Plants, People, Planet (Nov 2021)

Ethical considerations of urban ecological design and planning experiments

  • Diane E. Pataki,
  • Carlos G. Santana,
  • Sarah J. Hinners,
  • Alexander J. Felson,
  • Jesse Engebretson

Journal volume & issue
Vol. 3, no. 6
pp. 737 – 746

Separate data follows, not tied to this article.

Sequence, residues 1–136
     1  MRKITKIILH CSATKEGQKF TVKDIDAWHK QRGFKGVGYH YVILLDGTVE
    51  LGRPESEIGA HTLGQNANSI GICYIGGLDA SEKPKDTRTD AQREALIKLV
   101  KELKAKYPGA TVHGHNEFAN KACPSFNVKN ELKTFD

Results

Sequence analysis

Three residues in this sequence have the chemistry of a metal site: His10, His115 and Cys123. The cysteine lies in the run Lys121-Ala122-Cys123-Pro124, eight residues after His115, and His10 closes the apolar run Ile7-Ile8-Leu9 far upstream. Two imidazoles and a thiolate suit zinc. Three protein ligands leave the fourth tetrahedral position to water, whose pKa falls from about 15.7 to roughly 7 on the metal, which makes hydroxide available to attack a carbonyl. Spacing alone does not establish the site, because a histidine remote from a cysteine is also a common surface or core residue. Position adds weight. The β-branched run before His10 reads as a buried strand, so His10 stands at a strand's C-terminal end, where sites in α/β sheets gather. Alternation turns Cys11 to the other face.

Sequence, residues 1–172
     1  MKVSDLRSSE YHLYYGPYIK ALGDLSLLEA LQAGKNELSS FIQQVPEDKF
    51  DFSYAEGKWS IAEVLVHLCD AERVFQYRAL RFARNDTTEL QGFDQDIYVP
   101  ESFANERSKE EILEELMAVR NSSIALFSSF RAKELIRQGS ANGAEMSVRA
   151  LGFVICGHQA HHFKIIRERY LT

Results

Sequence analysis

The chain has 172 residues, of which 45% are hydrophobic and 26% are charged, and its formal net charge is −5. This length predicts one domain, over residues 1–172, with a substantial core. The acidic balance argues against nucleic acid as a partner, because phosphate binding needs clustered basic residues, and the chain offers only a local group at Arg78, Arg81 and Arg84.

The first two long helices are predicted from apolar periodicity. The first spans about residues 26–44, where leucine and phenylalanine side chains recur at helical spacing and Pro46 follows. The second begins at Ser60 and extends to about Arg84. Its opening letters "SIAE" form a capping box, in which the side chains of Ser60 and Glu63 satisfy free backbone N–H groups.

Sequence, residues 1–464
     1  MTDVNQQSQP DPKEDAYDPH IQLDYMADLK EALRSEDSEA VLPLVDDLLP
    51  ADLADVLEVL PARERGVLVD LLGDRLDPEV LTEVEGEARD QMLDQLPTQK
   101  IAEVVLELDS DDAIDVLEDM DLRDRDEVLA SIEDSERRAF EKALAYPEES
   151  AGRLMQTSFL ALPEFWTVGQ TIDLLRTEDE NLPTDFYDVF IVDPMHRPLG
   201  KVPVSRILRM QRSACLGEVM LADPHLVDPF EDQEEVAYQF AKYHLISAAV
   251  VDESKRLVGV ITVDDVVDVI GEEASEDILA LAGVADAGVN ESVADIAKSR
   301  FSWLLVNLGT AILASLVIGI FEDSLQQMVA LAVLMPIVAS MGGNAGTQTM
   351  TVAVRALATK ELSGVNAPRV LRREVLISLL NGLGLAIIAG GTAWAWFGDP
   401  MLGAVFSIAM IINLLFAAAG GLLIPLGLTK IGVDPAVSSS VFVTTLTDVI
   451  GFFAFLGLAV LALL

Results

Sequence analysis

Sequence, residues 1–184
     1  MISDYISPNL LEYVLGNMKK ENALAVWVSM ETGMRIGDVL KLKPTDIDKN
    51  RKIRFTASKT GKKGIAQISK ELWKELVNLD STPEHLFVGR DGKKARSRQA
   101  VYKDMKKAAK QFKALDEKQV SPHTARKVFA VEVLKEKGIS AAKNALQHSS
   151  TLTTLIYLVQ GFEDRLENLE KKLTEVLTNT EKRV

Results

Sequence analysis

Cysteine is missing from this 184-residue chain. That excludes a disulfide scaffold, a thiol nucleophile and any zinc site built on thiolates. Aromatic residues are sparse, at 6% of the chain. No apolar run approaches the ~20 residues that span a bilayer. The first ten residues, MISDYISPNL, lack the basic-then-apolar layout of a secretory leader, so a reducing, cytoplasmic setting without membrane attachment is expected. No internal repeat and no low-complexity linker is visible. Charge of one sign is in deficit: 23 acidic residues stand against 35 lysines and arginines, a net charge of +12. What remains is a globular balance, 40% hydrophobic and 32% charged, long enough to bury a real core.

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Societal Impact Statement It is increasingly common for plant scientists and urban planning and design professionals to collaborate on interdisciplinary teams that integrate scientific experiments into public and social urban spaces. However, neither the procedural ethics that govern scientific experimentation, nor the professional ethics of urban design and planning practice, fully account for the possible impacts of urban ecological experiments on local residents and communities. Scientists that participate in design and planning teams act as decision‐makers, and must expand their domain of ethical consideration accordingly. Conversely, practitioners who engage in ecological experiments take on the moral responsibilities inherent in generation of knowledge. To avoid potential harm to human and non‐human inhabitants of cities while maintaining scientific and professional integrity in research and practice, an integrated ethical framework is needed for urban ecological planning and design. Summary While there are many ethical and procedural guidelines for scientists who wish to inform decision‐making and public policy, urban ecologists are increasingly embedded in planning and design teams to integrate scientific measurements and experiments into urban landscapes. These scientists are not just informing decision‐making – they are themselves acting as decision‐makers. As such, researchers take on additional moral obligations beyond scientific procedural ethics when designing and conducting ecological design and planning experiments. We describe the growing field of urban ecological design and planning and present a framework for expanding the ethical considerations of socioecological researchers and urban practitioners who collaborate on interdisciplinary teams. Drawing on existing ethical frameworks from a range of disciplines, we outline possible ways in which ecologists, social scientists, and practitioners should expand the traditional ethical considerations of their work to ensure that urban residents, communities, and non‐human entities are not harmed as researchers and practitioners carry out their individual obligations to clients, municipalities, and scientific practice. We present an integrated framework to aid in the development of ethical codes for research, practice, and education in integrated urban ecology, socioenvironmental sciences, and design and planning.